Religion & Liberty Online

COVID-19 and crony capitalism

Who wins in the COVID-19 economy? In some cases, outright fraud allows businesses to prosper. In other cases, political connections enable businesses to collect revenue from the federal government. Crony capitalism is defined by the Mercatus Center as “an economic system in which the profitability of firms in a market economy depends on political connections.” Large-scale bailouts and interventions have increased cronyism during the pandemic. The more government funds that are available for individuals and businesses to capture, the larger the opportunities for businesses to profit by gaining and exploiting political influence. Cronyism can be perfectly legal and still be damaging, because it shifts the attention of businessmen away from what people in the market want and towards lobbying activity.

The finite amount of money available within Paycheck Protection Program created a first-come first-served situation for businesses that wanted a loan. In order to be approved, business owners needed to submit their application through a bank. In some cases, banks received multiple applications at the same time and favored the more connected business. A group of business owners are suing J.P. Morgan and Wells Fargo for favoring larger, richer, and better connected businesses. As with many instances of cronyism, profiting in the COVID-19 economy requires social and political clout. Cronyism favors established businesses that can afford to spend money on lobbying instead of businesses with new ideas, creating incentives against innovation.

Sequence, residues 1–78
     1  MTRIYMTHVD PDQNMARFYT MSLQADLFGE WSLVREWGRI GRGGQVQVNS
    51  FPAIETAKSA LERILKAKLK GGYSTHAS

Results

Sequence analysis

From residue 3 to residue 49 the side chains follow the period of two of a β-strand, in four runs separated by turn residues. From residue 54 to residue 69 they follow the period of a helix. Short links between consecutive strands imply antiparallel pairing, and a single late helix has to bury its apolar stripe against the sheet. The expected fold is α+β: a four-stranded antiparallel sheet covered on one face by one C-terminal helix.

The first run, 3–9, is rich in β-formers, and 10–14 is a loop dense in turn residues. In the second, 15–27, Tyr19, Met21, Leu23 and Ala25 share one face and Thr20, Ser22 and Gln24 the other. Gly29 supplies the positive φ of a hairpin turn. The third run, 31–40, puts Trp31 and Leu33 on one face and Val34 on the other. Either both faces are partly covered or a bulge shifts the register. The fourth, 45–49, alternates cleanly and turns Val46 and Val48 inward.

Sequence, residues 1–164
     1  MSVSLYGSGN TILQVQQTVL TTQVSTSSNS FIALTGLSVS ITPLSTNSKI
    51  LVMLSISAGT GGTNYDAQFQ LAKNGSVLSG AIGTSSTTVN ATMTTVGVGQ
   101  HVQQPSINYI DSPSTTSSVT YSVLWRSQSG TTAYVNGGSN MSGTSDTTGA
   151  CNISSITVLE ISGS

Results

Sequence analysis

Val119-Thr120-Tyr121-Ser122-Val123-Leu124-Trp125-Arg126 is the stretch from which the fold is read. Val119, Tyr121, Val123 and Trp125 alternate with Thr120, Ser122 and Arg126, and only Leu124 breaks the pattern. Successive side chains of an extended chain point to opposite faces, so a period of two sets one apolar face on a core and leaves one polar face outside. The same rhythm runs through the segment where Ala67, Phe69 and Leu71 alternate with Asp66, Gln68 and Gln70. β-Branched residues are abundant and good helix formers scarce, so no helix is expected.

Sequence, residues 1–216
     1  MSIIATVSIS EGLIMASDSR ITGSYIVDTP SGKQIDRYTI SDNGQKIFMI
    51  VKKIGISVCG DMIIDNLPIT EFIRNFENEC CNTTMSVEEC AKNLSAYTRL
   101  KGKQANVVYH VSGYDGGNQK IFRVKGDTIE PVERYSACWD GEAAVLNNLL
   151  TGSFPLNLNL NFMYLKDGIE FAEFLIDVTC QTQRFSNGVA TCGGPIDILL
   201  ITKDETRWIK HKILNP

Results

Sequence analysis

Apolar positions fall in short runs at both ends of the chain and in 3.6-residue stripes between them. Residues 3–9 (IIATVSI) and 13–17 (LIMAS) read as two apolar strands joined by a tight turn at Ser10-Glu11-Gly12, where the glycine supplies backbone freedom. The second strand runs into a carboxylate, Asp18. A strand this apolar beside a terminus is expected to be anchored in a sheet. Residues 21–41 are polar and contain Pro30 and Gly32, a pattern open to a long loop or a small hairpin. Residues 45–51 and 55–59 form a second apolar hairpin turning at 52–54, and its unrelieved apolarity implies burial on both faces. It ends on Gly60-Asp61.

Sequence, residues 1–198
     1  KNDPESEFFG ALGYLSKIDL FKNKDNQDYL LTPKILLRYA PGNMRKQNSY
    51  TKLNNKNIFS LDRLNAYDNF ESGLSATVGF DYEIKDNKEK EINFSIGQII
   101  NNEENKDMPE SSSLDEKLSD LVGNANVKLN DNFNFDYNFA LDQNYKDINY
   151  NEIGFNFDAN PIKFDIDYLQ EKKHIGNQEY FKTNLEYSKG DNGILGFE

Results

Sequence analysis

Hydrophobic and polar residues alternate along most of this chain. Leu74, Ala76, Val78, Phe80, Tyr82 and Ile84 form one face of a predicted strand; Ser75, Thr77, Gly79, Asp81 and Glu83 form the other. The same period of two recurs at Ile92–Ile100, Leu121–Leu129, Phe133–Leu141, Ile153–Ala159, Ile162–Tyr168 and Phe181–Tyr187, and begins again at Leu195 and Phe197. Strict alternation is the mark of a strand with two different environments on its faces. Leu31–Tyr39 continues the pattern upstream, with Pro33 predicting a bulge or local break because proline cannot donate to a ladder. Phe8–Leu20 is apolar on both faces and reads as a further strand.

Airlines benefitted massively from the bailouts. In 2019 alone, the airline industry spent $106 million to send 811 lobbyists to Washington, D.C. The majority of these lobbyists were once bureaucrats who helped write federal regulations in the first place. The “investment” in lobbying apparently paid off, because airlines secured $32 billion in bailouts and are asking for more. Airlines have received bipartisan support, as they spread lobbying dollars across both parties. These bailouts, however, will not necessarily translate to consumers’ benefit. Even after taxpayer bailouts, airlines have refused to give billions of dollars of refunds to customers. The bailouts have not necessarily protected workers, either, as layoffs of 30,000 workers are underway.

Corporate bailouts slow recovery by incentivizing businesses to invest in areas that lack consumer demand. Some estimates have predicted that lower demand for air travel will continue for up to seven years. At their current levels, airlines could have to be supported by taxpayers for a decade. The airlines will either fold despite the bailouts or continue to exist although there is no demand. Contrast this with the theater industry. Regal Cinemas announced this week that it will close all its movie theaters indefinitely. Because customer demand collapsed, theaters are being forced to adjust. But this has not meant the end of entertainment or the movie industry. Competitors have arisen to better satisfy consumers. Other options, like streaming services, are thriving during the shutdown.

Well-connected and established businesses, those are the firms that win in the COVID-19 economy. We need to ask ourselves, “Who should win?” As a society, we need to decide whether we want a system where the most successful business is that which is able to provide a useful good or service to consumers. If we do not, the result will be a society where businesses live and die by currying political favor.

Noah Gould

Noah C. Gould is the Alumni & Student Programs manager at the Acton Institute and a contributor for Young Voices. His writings on economics, business, and culture have appeared in outlets such as National Review, Detroit News, and Newsweek. He is a graduate of Grove City College. Follow him on X @NoahCGould1.